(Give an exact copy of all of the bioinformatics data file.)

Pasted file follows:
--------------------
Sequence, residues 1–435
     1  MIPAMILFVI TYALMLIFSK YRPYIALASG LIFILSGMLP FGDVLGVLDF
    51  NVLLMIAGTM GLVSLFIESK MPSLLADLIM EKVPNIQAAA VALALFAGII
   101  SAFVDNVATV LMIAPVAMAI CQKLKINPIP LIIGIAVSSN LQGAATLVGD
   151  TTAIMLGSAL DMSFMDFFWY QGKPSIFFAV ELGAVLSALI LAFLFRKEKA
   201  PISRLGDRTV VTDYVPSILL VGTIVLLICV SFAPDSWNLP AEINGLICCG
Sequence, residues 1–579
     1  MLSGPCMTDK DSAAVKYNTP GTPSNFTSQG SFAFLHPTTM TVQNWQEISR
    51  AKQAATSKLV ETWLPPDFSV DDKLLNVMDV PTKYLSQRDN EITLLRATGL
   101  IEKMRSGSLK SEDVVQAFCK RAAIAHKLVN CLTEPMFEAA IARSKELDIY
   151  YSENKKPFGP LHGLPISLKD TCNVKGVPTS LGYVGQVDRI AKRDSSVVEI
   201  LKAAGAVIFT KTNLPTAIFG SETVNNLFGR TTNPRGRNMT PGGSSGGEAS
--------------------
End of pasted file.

Sequence, residues 1–435
     1  MIPAMILFVI TYALMLIFSK YRPYIALASG LIFILSGMLP FGDVLGVLDF
    51  NVLLMIAGTM GLVSLFIESK MPSLLADLIM EKVPNIQAAA VALALFAGII
   101  SAFVDNVATV LMIAPVAMAI CQKLKINPIP LIIGIAVSSN LQGAATLVGD
   151  TTAIMLGSAL DMSFMDFFWY QGKPSIFFAV ELGAVLSALI LAFLFRKEKA
   201  PISRLGDRTV VTDYVPSILL VGTIVLLICV SFAPDSWNLP AEINGLICCG
Sequence, residues 1–579
     1  MLSGPCMTDK DSAAVKYNTP GTPSNFTSQG SFAFLHPTTM TVQNWQEISR
    51  AKQAATSKLV ETWLPPDFSV DDKLLNVMDV PTKYLSQRDN EITLLRATGL
   101  IEKMRSGSLK SEDVVQAFCK RAAIAHKLVN CLTEPMFEAA IARSKELDIY
   151  YSENKKPFGP LHGLPISLKD TCNVKGVPTS LGYVGQVDRI AKRDSSVVEI
   201  LKAAGAVIFT KTNLPTAIFG SETVNNLFGR TTNPRGRNMT PGGSSGGEAS